The Return of 3-D
"Are 3-D Movies a Relic, or the Next Big Thing?"
The piece provides a great historical overview of 3-D, with a nod to the misstaken beliefs about why it tanked in the 1950s:
"By the early 1950s, with the new medium of television holding audiences hostage in their living rooms, Hollywood needed it badly. The release of the 1952 jungle adventure `Bwana Devil' was the box-office kick the format was looking for, and 3-D was quickly added to wide-screen cinematography, Technicolor, and stereo sound as Things You Can't Get at Home.
"The studios responded with 3-D films on all levels of the spectrum, from A-list projects such as '`House of Wax` and `Kiss Me Kate' to Three Stooges shorts and cheapo sci-fi like the infamous `Robot Monster.' But the boom was over almost as quickly as it had begun, and not, as has become accepted wisdom, because the movies were bad. Rather, the presentation was bad: The two-strip system resulted in crisp 3-D imagery in Hollywood screening rooms, but in most small-town theaters the projectors quickly fell out of synch, resulting in visual cacophony."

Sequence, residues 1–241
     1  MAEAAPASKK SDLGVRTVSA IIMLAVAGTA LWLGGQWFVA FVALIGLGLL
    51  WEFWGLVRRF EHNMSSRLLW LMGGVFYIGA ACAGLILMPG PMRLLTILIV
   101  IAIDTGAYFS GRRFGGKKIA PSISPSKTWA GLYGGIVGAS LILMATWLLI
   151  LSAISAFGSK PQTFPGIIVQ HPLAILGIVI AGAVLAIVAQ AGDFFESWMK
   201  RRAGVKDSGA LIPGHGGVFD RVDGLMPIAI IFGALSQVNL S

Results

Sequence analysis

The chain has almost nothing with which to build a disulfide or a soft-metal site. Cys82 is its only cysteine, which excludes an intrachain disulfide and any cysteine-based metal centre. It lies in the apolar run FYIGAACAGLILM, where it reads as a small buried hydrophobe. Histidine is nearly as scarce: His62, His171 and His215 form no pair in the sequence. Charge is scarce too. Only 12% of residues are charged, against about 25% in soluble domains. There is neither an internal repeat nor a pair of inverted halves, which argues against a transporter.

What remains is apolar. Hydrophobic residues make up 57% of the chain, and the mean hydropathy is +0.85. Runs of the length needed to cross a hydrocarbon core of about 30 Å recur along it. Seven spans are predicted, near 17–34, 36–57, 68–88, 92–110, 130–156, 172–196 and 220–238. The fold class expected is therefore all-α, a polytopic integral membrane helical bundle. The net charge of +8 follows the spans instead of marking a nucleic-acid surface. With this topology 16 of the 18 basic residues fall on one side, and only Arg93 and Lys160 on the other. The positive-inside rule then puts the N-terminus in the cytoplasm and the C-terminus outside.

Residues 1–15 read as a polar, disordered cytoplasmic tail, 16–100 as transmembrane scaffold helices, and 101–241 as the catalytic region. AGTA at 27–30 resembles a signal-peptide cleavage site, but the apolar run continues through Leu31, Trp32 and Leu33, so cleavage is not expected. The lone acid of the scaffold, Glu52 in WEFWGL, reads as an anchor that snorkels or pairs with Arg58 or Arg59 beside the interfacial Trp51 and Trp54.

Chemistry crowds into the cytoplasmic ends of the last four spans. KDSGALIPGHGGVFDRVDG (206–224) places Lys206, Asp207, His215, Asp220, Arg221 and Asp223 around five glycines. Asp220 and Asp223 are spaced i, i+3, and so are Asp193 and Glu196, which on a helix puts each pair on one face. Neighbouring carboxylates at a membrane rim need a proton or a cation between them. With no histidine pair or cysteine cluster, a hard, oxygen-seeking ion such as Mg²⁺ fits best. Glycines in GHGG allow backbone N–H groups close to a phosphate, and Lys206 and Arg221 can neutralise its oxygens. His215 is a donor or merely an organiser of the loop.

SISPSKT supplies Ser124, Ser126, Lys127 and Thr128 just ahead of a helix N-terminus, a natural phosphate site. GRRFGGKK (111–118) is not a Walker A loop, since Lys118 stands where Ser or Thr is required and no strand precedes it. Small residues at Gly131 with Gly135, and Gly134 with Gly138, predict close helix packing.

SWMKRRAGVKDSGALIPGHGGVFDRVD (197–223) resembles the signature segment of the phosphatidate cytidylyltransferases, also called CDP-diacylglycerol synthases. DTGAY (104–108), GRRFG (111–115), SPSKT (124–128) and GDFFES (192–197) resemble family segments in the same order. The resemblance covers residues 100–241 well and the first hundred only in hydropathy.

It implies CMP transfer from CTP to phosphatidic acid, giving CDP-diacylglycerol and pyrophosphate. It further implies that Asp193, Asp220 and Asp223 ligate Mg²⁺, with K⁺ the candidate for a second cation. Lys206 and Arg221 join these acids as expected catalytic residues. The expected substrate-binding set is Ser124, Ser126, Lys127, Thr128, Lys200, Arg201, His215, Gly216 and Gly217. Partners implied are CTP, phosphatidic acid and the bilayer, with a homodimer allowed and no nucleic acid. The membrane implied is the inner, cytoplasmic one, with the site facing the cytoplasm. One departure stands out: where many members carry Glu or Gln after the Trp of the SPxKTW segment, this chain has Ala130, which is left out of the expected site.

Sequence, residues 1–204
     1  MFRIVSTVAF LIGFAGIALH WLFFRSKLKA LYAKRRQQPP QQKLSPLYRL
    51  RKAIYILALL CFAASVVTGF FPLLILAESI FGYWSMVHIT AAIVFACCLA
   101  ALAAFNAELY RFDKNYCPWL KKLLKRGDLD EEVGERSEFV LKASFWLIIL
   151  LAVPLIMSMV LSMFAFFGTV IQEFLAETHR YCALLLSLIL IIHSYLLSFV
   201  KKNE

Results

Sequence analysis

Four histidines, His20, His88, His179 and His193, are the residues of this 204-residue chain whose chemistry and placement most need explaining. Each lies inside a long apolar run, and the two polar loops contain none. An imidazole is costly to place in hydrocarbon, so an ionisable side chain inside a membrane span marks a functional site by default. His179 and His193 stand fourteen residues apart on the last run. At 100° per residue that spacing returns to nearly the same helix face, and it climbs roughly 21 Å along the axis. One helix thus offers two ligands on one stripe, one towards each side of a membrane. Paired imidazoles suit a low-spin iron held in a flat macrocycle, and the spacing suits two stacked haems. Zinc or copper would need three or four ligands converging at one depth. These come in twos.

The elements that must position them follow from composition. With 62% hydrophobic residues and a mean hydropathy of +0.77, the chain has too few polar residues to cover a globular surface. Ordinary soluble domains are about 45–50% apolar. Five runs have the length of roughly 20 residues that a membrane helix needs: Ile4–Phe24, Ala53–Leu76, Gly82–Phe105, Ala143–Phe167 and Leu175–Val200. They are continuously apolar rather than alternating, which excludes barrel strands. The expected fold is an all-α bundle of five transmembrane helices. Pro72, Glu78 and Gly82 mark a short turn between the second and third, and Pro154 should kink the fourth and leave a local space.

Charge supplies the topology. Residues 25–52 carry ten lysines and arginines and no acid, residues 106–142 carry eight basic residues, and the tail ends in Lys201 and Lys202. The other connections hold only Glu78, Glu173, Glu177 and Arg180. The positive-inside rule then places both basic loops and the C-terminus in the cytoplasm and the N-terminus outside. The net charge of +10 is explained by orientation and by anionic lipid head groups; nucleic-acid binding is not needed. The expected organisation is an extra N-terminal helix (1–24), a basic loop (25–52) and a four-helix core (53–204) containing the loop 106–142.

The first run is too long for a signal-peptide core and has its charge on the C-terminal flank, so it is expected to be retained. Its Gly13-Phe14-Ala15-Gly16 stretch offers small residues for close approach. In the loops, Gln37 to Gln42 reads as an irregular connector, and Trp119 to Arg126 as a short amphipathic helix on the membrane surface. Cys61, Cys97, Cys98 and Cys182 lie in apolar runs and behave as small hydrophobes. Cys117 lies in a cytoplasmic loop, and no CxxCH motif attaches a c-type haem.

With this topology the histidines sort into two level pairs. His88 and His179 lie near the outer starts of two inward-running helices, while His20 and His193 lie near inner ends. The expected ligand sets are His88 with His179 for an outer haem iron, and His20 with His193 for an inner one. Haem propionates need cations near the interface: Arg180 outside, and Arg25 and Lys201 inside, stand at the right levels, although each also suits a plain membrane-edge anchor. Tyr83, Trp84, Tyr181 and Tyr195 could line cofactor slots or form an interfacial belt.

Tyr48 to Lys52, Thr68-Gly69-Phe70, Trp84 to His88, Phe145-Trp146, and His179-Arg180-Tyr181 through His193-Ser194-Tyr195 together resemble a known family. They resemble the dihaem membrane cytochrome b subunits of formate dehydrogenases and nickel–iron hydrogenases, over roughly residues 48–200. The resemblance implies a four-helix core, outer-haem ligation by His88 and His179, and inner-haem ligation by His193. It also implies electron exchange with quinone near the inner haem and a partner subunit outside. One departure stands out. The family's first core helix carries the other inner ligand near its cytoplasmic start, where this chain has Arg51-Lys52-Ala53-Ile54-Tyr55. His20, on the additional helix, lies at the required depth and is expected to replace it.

Now, 3-D is back - partly to try to prod studios and theater owners to upgrade to digital projection, which is capable of showing high-quality three dimensional films.